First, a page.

As the number of online devices surges and superfast 5G connections roll out, record numbers of companies are offering handsome rewards to ethical hackers who successfully attack their cybersecurity systems.
The fast-expanding field of internet-connected devices, known as the “internet of things” (IoT) which includes smart televisions and home appliances, are set to become more widespread once 5G becomes more available — posing one of the most serious threats to digital security in future.
At a conference hosted by Nokia last week, “friendly hacker” Keren Elazari said that co-opting hackers — many of whom are amateurs — to hunt for vulnerabilities “was looked at as a trendy Silicon Valley thing six to eight years ago”.
But “bug bounty programmes” are now offered by organisations ranging from the Pentagon and banks such as Goldman Sachs to airlines, tech giants and thousands of smaller businesses.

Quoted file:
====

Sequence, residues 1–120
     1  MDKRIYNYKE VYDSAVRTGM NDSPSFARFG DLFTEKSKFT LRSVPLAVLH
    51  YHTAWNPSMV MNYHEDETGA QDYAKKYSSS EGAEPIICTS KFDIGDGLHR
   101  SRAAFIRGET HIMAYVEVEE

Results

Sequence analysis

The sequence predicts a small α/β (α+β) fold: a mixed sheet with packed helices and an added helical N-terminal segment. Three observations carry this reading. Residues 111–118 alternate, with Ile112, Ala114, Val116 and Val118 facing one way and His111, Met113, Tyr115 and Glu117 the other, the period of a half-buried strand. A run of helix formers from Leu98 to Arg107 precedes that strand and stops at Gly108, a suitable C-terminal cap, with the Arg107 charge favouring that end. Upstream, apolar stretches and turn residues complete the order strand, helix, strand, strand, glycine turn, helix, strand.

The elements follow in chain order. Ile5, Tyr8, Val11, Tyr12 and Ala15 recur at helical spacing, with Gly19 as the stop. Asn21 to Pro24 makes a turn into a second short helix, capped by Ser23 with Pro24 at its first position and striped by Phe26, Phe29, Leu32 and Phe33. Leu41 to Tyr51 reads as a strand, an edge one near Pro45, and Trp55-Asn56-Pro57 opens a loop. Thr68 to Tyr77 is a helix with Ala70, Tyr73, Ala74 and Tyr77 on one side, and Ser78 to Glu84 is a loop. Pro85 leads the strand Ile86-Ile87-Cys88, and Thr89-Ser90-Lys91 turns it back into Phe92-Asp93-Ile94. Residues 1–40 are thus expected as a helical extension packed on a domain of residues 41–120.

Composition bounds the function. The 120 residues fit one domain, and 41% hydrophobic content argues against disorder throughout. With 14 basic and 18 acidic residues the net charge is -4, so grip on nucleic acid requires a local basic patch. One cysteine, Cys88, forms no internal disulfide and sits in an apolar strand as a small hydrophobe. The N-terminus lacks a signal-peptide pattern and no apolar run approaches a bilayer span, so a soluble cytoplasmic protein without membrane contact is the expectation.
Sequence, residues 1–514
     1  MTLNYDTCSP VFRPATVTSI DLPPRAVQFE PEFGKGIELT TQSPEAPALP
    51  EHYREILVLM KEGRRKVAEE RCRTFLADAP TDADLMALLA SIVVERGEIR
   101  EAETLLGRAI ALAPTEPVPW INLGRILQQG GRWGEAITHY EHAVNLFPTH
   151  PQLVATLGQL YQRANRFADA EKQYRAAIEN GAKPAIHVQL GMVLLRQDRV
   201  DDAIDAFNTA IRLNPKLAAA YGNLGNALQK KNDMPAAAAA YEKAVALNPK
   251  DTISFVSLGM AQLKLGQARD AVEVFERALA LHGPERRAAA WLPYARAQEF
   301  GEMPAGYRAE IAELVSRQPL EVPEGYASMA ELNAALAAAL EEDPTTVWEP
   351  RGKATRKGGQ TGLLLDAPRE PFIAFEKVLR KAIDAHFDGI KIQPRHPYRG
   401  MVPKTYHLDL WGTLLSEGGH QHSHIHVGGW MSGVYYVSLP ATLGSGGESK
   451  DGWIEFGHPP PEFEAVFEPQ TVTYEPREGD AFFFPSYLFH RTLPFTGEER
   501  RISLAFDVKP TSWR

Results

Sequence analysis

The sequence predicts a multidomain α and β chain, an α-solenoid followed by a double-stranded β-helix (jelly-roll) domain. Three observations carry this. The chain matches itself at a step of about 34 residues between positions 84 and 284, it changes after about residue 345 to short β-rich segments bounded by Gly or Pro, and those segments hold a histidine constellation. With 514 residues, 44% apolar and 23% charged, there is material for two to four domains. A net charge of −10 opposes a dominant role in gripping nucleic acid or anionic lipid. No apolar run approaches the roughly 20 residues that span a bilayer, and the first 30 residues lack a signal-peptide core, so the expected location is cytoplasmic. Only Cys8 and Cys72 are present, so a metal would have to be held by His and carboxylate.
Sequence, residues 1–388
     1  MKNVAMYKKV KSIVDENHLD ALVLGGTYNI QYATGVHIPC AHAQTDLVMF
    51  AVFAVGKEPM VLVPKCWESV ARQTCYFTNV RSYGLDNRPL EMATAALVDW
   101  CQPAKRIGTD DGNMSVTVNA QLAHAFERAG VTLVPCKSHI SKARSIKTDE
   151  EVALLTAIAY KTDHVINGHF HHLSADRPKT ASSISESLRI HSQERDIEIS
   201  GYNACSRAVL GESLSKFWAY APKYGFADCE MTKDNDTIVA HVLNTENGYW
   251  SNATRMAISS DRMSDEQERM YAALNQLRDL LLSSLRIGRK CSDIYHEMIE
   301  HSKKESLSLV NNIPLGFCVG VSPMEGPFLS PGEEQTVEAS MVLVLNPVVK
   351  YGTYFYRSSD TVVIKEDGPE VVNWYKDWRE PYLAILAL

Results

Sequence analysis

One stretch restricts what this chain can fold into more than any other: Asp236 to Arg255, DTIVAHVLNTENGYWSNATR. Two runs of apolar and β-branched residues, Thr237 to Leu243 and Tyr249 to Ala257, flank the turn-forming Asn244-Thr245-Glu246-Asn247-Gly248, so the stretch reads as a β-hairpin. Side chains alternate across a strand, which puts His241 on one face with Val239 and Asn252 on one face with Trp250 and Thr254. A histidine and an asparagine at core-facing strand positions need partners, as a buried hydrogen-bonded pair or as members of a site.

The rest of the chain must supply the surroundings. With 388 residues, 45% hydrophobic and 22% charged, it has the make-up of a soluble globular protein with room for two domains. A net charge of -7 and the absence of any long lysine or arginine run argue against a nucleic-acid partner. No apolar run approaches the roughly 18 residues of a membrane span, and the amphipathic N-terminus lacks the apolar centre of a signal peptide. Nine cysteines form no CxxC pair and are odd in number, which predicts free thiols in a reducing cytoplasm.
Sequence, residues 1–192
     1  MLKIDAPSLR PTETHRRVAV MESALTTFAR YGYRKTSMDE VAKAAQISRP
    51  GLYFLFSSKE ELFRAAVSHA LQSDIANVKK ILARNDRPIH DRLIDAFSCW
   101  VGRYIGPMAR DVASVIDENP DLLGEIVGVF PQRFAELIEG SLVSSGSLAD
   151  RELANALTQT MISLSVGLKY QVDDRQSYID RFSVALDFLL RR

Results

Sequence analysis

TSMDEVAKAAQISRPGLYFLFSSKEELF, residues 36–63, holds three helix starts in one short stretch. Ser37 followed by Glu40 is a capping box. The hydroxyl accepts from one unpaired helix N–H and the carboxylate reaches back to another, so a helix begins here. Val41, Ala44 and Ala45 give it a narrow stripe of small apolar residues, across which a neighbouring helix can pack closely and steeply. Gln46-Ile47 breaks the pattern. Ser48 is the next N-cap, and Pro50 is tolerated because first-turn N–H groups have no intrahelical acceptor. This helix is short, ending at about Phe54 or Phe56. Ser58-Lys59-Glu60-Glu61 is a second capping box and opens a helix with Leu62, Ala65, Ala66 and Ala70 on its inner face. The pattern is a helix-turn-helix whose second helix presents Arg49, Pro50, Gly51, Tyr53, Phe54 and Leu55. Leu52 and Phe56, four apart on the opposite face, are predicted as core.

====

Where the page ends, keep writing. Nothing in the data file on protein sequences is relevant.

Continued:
The largest bug-bounty platform, HackerOne, has 800,000 hackers on its books and said its organisations paid out a record $44 million (38.2 million euros) in cash rewards this year, up 87 percent on the previous 12 months.
“Employing just one full-time security engineer in London might cost a company 80,000 pounds (89,000 euros, $106,000) a year, whereas we open companies up to this global community of hundreds of thousands of hackers with a huge diversity in skills,” Prash Somaiya, security solutions architect at HackerOne, told AFP.
“We’re starting to see an uptick in IoT providers taking hacking power seriously,” Somaiya said, adding that HackerOne now regularly ships internet-connected toys, thermostats, scooters and cars out to its hackers for them to try to breach.
“We already know from what has happened in the past five years that the criminals find very clever ways to utilise digital devices,”…